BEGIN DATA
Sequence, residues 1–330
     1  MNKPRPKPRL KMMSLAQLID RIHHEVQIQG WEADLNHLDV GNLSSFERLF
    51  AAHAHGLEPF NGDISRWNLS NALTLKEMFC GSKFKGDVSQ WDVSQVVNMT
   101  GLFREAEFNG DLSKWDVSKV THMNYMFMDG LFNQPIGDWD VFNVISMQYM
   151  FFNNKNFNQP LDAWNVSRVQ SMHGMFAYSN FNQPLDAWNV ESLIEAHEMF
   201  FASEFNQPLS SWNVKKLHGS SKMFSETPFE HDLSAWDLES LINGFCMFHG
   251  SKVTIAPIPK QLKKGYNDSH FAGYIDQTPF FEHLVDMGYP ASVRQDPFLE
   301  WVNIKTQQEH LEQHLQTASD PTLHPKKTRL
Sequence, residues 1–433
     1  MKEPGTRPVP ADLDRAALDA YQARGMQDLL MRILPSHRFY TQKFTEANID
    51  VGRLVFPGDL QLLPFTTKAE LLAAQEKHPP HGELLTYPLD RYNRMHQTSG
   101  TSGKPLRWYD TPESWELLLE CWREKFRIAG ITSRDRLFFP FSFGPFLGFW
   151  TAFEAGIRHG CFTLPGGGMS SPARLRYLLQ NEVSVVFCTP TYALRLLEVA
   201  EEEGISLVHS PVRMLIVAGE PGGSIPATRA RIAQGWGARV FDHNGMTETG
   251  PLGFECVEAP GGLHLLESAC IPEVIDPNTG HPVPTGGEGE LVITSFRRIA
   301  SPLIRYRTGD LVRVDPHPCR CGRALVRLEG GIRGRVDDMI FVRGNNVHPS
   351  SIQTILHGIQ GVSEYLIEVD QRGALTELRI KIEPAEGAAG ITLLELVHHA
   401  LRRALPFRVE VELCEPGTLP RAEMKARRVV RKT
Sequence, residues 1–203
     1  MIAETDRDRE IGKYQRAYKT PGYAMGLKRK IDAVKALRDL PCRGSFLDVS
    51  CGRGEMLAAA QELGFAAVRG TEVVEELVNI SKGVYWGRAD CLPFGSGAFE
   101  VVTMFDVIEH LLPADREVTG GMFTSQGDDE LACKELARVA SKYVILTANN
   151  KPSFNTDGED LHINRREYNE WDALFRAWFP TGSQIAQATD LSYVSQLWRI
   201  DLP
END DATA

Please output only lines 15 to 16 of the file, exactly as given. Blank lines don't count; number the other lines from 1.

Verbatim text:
   251  PLGFECVEAP GGLHLLESAC IPEVIDPNTG HPVPTGGEGE LVITSFRRIA
   301  SPLIRYRTGD LVRVDPHPCR CGRALVRLEG GIRGRVDDMI FVRGNNVHPS